“Shiny Happy People” by R.E.M.
“Shiny Happy People” is one of those types of songs in which people who are familiar with it feel they already know what it’s about. And in this particular case, that would be an ideology based on individuals coexisting with each other happily and harmoniously. Indeed even the track’s music video features colorful, gregarious paintings which were created by kids.
History behind “Shiny Happy People”
But the reported history behind this song is quite interesting. The phrase “Shiny Happy People” is said to have been derived from a poster in China which was basically a piece of propaganda promoting the aforementioned ideals. The implication is that said poster was created by the Chinese government. Meanwhile the song itself came out just two years after the Tiananmen Square protests in China which officially resulted in the deaths of almost 300 people. So from that perspective, what the band actually appears to be doing is mocking the Chinese authorities by implying that they are hypocrites. In other words, they propagate a vision based on peace and harmony. But then they turn around and massacre hundreds of their own citizens.
And overall if a listener really pays attention to the lyrics, even without this foreknowledge of the song’s origin, they may suspect that something is peculiar about the utopian vision presented. For instance, there is the mention of “gold and silver shine”, and monetary riches are not often applied to such society-wide idealistic portrayals. But it is also arguable, as commonly interpreted, that such an expression is rather a metaphor for the good feeling the vocalists are bigging up.
So perhaps the best way to describe “Shiny Happy People” is from two different perspectives. The artists themselves (at least to some degree) intended it to be a criticism of authoritative regimes who rule by force yet promote peace. But there is really nothing in the lyrics explicitly pointing to this idea. Rather they focus almost exclusively on people loving one another. And R.E.M. would be wise enough to know that the mass audience would rather perceive it from that viewpoint.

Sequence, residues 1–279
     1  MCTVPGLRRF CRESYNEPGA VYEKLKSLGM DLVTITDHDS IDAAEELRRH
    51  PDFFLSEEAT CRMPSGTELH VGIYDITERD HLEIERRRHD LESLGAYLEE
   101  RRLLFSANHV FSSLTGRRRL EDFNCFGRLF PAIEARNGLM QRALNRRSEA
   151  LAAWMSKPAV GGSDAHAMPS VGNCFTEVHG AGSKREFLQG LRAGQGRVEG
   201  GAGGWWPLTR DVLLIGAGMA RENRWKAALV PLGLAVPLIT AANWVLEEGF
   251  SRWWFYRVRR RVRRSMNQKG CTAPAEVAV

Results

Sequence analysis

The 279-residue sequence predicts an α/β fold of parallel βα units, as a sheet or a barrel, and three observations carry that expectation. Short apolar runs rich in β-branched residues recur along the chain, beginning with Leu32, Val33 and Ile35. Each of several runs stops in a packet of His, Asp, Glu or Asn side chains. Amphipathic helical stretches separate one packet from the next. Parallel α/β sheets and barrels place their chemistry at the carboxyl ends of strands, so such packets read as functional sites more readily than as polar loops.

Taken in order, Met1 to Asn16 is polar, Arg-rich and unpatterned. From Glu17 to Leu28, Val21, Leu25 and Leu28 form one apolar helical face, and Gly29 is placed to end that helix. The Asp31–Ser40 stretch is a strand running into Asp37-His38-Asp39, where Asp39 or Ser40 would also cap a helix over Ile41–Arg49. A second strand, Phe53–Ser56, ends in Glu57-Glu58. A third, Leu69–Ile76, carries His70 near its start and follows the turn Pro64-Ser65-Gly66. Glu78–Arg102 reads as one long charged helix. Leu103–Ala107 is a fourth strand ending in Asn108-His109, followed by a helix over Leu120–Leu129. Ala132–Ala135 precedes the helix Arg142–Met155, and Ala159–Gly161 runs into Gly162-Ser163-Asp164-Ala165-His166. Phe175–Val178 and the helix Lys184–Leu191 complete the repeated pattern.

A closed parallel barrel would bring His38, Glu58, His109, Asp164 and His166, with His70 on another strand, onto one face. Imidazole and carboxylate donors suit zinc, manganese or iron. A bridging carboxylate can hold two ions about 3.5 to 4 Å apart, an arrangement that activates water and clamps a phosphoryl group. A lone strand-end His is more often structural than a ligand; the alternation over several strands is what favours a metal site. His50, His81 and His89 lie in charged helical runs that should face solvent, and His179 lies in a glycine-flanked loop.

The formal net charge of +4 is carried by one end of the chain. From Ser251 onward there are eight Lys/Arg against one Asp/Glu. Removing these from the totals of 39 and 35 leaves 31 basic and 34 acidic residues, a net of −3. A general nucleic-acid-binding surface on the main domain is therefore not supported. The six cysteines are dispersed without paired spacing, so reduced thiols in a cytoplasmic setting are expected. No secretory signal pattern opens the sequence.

R.E.M. utilized Katherine Dieckmann to helm the music video to “Shiny Happy People”. This was the same director who worked on the video to one of the band’s prior classics, 1988’s “Stand”.
Date of Release
R.E.M. released “Shiny Happy People” on the 6th of May 1991 as the second single from their 7th studio album. The album in question, which is titled “Out of Time”, also produced the band’s Grammy-winning hit “Losing My Religion“.
Success of “Shiny Happy People”
All things considered, “Shiny Happy People” can be called R.E.M.’s most-successful song. For instance, it is the only track from their heyday which was able to break the top 10 on both the UK Singles Chart and the Billboard Hot 100. Moreover it charted in over 15 countries and in most cases performed likewise.
The success of this tune is interesting considering that it is a song which R.E.M. hates, that they even refused to play live. Moreover as time progressed, “Shiny Happy People” has been placed on a number ‘worst songs’ lists. For example, it was dubbed the “Wussiest Song of All Time” by AOL in 2006.
This song was written by the individual members of R.E.M.. The official writing credits are therefore as follows:
- Bill Berry
- Peter Buck
- Mike Mills
- Michael Stipe
And the band in unison produced the tune in conjunction with Scott Litt.
Designed to be “Friends” Theme Song
This song was originally intended to serve as the theme song for the 1990s sitcom “Friends”. However, The Rembrandts’ Grammy-nominated song “I’ll Be There for You” was rather used for the sitcom.
Who is the female singer on “Shiny Happy People”?
“Shiny Happy People” features Kate Pierson, a singer who is known primarily as a member of a band called The B-52s. The B-52s and R.E.M. are both from a city in Georgia (USA) called Athens.